I don't think immigration will be the main focus of the election. If it's anything other than the economy I'll eat Wolford's faux Celtic nationalism, although foreigners taking jobs may play a part in that.


I'm a proud Celt, not a Celtic Nationalist. To claim that I'm a Celtic nationalist is just cow clap, and you're more than welcome to eat as much of it as you like.

It's the arrival of foreigners that won't be taking jobs that concerns people. Still, every cloud has a silver lining for somebody ... the charity sector is always looking for a new body of scroungers to use as a basis for new appeal campaigns.

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#36 gingerjon

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Posted 01 March 2013 - 10:20 AM

Whilst AV wasn't great it was an improvement on FPTP. Small steps and all... they'd never have got anywhere in a referendum for full proportional representation with STV. So yes, getting the referendum, for me still counts as a success.

It wasn't Labour encouraging people to vote yes! Milliband was actually clever in the run up to the referendum. He supported AV (to appeal to Lib Dem voters I assume), yet ALL his party big beasts were in the no campaign. That always felt strategic to me.


The lack of any PR is going to make the next election very strange. I can't see how there's going to be anything like a national picture but rather a lot of highly localised campaigns. Labour should have enough votes across the board to get a workable majority but the fractured nature of the country, plus the possibility of any number of protest vote options makes that picture murkier. Another hung parliament wouldn't surprise me only this time without the possibility of saying "add these two together to get a coalition".
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#37 gingerjon

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Posted 01 March 2013 - 10:21 AM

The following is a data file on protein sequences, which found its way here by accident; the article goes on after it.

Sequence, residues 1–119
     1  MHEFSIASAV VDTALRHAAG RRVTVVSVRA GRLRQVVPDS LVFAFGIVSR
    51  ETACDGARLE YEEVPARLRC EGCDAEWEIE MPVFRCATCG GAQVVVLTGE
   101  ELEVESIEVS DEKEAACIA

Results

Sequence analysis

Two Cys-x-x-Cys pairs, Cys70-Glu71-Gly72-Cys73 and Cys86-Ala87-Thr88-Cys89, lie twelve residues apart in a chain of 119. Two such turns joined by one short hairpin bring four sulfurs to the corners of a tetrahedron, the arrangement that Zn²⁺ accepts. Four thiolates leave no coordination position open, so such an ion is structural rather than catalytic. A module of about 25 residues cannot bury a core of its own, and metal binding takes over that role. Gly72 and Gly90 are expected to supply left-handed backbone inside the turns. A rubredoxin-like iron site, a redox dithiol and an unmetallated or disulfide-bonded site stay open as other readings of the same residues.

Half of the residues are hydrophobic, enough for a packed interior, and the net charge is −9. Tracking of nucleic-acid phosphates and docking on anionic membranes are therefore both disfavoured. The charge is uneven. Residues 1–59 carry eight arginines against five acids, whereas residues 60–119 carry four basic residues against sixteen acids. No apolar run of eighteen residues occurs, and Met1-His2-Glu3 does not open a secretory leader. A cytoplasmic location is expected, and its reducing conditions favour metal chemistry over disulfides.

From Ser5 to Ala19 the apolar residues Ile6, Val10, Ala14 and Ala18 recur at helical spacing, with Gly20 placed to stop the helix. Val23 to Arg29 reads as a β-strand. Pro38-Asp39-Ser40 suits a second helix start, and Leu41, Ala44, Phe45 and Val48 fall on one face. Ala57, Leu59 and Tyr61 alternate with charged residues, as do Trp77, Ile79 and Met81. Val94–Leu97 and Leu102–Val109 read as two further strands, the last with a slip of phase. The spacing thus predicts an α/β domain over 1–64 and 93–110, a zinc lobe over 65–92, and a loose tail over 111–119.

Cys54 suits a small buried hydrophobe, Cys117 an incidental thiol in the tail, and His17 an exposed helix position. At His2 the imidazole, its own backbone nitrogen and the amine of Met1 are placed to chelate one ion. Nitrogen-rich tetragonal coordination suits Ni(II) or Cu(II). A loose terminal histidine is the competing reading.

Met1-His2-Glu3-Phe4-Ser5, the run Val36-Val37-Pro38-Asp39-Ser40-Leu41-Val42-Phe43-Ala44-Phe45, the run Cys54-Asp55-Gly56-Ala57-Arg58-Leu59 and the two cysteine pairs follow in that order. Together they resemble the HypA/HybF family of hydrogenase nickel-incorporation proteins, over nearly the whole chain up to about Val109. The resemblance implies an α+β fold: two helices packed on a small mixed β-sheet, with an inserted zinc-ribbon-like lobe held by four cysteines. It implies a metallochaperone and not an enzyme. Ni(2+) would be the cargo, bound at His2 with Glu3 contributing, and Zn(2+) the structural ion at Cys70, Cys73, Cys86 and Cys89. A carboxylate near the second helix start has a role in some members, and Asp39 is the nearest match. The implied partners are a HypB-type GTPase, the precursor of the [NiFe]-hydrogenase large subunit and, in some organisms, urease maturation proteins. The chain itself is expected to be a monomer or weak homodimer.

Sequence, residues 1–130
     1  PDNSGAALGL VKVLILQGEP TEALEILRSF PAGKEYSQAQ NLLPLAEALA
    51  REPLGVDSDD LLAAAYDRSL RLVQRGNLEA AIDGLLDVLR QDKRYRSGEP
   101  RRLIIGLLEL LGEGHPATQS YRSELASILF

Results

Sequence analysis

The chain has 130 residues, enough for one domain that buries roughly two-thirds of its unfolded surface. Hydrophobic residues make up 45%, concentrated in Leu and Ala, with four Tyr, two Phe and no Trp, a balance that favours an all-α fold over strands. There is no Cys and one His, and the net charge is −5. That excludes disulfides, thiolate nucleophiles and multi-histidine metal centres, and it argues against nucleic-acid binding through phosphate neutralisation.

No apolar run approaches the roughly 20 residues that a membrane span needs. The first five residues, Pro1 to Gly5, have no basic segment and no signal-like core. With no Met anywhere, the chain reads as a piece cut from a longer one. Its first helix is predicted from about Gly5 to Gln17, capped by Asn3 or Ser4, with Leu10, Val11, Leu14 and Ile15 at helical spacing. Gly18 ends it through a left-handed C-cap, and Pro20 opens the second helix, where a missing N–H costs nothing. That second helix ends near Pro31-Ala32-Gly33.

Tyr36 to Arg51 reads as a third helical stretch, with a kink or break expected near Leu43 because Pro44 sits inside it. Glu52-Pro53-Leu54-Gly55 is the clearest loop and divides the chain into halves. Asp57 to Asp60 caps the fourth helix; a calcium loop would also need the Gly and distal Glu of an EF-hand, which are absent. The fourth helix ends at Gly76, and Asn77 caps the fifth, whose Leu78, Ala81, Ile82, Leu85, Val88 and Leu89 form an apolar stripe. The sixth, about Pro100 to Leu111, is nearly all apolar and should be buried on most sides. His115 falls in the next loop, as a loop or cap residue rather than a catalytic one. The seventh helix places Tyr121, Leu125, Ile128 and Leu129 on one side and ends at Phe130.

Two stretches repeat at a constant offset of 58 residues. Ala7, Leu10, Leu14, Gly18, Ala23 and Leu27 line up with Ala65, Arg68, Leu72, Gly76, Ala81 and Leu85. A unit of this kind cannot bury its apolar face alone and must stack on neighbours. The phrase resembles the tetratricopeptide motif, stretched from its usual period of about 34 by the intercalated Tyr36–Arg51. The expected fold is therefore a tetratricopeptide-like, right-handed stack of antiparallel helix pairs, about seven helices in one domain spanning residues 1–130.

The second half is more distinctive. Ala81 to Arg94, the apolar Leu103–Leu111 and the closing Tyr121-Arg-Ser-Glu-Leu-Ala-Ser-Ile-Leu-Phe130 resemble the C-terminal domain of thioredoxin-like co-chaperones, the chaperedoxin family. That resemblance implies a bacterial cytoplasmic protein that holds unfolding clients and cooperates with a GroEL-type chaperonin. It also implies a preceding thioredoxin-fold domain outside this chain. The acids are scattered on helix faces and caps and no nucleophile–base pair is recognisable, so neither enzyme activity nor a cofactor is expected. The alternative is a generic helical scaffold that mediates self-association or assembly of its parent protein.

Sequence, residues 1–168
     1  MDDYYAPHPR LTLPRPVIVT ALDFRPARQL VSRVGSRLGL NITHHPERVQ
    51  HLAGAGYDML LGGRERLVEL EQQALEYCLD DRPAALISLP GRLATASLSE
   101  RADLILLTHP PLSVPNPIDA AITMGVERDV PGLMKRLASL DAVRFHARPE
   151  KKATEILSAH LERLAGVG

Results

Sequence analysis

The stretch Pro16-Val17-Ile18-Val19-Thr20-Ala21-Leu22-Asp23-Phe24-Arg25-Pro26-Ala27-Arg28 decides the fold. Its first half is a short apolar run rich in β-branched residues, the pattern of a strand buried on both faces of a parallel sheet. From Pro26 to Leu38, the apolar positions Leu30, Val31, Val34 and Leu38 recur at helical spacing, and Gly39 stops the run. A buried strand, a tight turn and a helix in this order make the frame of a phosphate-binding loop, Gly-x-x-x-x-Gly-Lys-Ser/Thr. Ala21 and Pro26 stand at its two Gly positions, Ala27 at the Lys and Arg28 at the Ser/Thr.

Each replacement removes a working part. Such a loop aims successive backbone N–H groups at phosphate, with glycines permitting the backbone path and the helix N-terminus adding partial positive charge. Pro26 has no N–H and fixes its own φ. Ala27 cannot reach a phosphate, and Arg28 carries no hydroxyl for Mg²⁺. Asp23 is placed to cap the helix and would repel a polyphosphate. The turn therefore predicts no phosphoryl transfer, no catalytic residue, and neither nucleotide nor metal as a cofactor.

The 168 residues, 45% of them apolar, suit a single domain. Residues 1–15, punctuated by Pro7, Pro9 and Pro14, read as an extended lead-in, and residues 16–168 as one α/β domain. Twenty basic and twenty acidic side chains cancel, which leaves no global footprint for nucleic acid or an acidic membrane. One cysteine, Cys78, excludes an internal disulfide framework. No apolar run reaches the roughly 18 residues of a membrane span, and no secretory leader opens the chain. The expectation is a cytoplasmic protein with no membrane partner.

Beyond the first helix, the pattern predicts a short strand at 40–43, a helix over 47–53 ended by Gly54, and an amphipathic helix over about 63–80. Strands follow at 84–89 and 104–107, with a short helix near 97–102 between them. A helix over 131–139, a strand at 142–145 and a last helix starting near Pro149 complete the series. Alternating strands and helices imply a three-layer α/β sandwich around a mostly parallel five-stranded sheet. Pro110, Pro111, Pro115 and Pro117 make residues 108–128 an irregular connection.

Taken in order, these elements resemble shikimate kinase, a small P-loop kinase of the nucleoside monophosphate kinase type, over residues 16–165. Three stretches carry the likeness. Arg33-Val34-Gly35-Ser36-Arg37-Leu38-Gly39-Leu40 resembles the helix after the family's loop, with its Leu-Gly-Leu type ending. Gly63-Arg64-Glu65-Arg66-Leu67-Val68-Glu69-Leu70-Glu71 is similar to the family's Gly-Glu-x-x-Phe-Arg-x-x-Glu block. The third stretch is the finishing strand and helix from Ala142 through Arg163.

the charity sector is always looking for a new body of scroungers to use as a basis for new appeal campaigns.


Just working on one for (predominately white, working class) men in the north in their 50s and over who might want to go on living for as long as possible whilst being able to have a drink.

Bunch of scroungers.
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#38 John Drake

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Posted 01 March 2013 - 10:22 AM

If Ukip are to have any chance of holding votes or even winning a seat they'll need to be on the best behaviour from now until May 2015 and can they be trusted to do that?


They put up discredited ex-Tory waffle merchant Neil Hamilton as their spokesman on Question Time last night. That doesn't bode well for them if people like him are the best they've got. It was hilarious and depressing in equal measure listening to him witter on about why voters are disillusioned with politics when a big reason voters are disillusioned with politics is because it is infested with chancers like him.

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#39 RidingPie

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Posted 01 March 2013 - 10:25 AM

The lack of any PR is going to make the next election very strange. I can't see how there's going to be anything like a national picture but rather a lot of highly localised campaigns. Labour should have enough votes across the board to get a workable majority but the fractured nature of the country, plus the possibility of any number of protest vote options makes that picture murkier. Another hung parliament wouldn't surprise me only this time without the possibility of saying "add these two together to get a coalition".


Well before this government it was always though a coalition could not run a stable government, maybe the next term will show a minority government can manage to run the UK. These two could force the political parties to grow up a bit. PR would be welcome for mine! I never understood Labours reluctance.

#40 Severus

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Posted 01 March 2013 - 10:29 AM

They put up discredited ex-Tory waffle merchant Neil Hamilton as their spokesman on Question Time last night. That doesn't bode well for them if people like him are the best they've got. It was hilarious and depressing in equal measure listening to him witter on about why voters are disillusioned with politics when a big reason voters are disillusioned with politics is because it is infested with chancers like him.

I thought that was an odd move by UKIP. No one on the panel seemed to take Hamilton seriously. I really don't like Farage but have got to admit that he does generally perform well on QT.